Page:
David Perkins and his wife, Jane, decided to celebrate their 10th wedding anniversary in Scotland, on the island of Islay. One evening, at a bed-and-breakfast owned by the Bruichladdich Distillery, they were served a dessert of honeydew melon drizzled with a peat-smoked syrup. Perkins loved the interplay between sweet and smoky. When he returned home to his Park City, Utah, distillery, he tried to mimic that flavor sensation by blending American bourbon with Scotch from an undisclosed Highland distillery. Released in 2012, High West Campfire was one of the first whiskeys to proudly state that it was a blend from multiple countries. “It was a way to competitively differentiate ourselves,” Perkins told me in 2017.
If “world blends,” or “multinational whisky,” have existed for a while, brands have begun leaning into them of late, perhaps, like Perkins, seeing them as a marketing opportunity. If one country’s whiskey is good, spirit from more countries would surely be great—or, at least, worth way more at retail. To understand how this category came to be, we must first head to Japan.
In a sense, Japan has always produced world whiskey. With the recent decade’s hype for anything with kanji lettering and Japanese calligraphy on the label, most Japanese producers began to run low on well-aged single-malt stock. Lucky for them, Japanese whisky doesn’t have to be made in Japan to be called “Japanese whisky.”
As whiskey writer Brad Japhe explained in Bloomberg last year, when you see new Japanese distilleries, such as Kurayoshi Distillery, selling decades-old bottlings, you can assume they have sourced some—if not most—of their liquid, likely from overseas. (A problem no different than, say, Vermont’s WhistlePig bottling Canadian rye or the MGP conundrum among American craft distilleries.)
What’s changed over the years is that Japanese distillers, and many more outside of the country, are now releasing whiskies that proudly claim to be “world blends.”
For instance, bottles of Ichiro’s Malt & Grain, from the cult-coveted Chichibu Distillery in Japan, were labeled “whisky” in the early aughts; by 2012, it was a “blended whisky,” though smaller letters denoted that Chichibu Distillery’s founder Ichiro Akuto searches the world for the perfect casks to blend with his Hanyu and Chichibu single-malts. By 2017, bottles were labeled “Ichiro’s Malt & Grain World Blended Whisky,” proclaiming its multinational provenance.
In 2018, Japan’s smallest whisky distillery, Nagahama, began releasing Amahagan World Malt, their own youthful malt blended with undisclosed whiskey from overseas. While in 2019, Suntory released Ao, what they officially call their first “world whisky,” noting it is a blend of “five major whiskies” on the label.
In a way, Ao is the result of a multinational flexing its portfolio muscle. Beam Suntory owns major distilleries in the world’s five greatest whiskey-producing countries: Jim Beam and Maker’s Mark (United States), Laphroaig and Bowmore (Scotland), Kilbeggan and Tyrconnell (Ireland), Alberta Distillers (Canada) and, of course, Suntory (Japan). It’s not hard to envision other international conglomerates, like Diageo or Pernod Ricard, likewise combining their assets to create new SKUs. (Recently, LVMH-owned Woodinville Whiskey aged some of its American whiskey in smoky single-malt barrels from fellow LVMH brand Ardbeg. If the “world blends” category continues to grow, an actual blend of the two wouldn’t be such a leap.)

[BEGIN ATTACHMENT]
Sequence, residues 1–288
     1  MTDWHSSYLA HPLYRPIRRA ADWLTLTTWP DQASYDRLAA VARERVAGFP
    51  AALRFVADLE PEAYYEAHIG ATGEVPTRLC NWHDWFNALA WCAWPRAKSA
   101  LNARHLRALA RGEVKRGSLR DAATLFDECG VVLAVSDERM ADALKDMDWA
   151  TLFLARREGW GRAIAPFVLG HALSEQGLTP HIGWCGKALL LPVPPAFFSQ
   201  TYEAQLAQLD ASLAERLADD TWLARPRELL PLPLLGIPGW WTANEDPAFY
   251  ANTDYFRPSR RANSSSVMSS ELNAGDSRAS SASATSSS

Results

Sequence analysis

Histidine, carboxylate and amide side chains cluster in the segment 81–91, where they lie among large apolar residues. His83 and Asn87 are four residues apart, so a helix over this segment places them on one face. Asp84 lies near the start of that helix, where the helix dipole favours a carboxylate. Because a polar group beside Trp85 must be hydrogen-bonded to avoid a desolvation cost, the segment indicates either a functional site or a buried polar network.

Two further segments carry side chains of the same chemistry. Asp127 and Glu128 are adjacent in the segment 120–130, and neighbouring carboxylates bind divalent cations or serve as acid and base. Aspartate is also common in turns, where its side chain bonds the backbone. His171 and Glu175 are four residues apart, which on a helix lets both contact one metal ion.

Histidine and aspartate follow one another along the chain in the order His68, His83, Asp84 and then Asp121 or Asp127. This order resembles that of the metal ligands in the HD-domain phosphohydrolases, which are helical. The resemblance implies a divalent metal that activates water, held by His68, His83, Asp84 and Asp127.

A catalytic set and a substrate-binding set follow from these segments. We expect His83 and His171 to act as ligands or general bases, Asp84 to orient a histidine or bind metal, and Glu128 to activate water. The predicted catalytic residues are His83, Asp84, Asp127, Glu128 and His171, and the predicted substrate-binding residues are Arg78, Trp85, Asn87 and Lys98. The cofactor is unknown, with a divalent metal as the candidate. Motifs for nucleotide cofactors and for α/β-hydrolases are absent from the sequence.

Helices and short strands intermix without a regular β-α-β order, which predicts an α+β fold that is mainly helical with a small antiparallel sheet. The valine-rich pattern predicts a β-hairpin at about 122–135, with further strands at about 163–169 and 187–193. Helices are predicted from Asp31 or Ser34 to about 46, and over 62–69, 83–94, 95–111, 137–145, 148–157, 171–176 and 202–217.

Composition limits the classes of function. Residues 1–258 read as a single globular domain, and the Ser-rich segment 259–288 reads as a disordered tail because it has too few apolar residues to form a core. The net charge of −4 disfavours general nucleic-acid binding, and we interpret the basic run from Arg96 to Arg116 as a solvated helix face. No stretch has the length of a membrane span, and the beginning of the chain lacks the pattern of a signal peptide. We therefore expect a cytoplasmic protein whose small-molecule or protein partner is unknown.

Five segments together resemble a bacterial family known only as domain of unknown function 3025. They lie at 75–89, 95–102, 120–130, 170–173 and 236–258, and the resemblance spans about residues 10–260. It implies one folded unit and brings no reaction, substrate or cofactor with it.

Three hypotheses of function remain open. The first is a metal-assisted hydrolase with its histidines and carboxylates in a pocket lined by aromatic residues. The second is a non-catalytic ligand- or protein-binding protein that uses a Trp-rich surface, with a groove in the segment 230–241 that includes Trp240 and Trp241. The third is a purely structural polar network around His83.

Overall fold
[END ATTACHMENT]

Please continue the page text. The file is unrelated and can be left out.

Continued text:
For now, Beam Suntory remains the leader in the category. Though not labeled a “world blend,” my favorite release of the genre would be Little Book. Each year, Jim Beam scion Freddie Noe finds a variety of oddball barrels throughout the company’s worldwide warehouses, then blends them into a barrel-proof small batch sold in handsome packaging.
“Having access to barrels from rackhouses around the world means I don’t have to limit myself or the possibilities I can create with each blend,” says Noe. “By blending these whiskeys from around the world together, you can unlock some truly complex and unique flavors.”
The inaugural release, called Chapter 1, included bourbon, rye, corn whiskey and a straight malt whiskey, possibly from Scotland. It was released in 2017. The next year, Chapter 2 included Jim Beam rye and both a 13-year Canadian rye and 40-year blended Canadian whisky, presumably from Beam Suntory’s Hiram Walker Distillery and Alberta Distillers.
The cynic in me acknowledges that it may simply be a savvy way to get rid of barrels that couldn’t be used for anything legitimate. (What the hell else do you do with a possibly over-oaked 40-year-old Canadian whisky?) But Noe’s Little Book is undeniably intriguing for the same reason the other whiskies in the category are: It’s impossible to categorize.
Correction: An earlier version of this article misstated the contents of Suntory’s Toki. A Suntory representative confirmed that it is comprised of 100 percent Japanese-distilled whisky.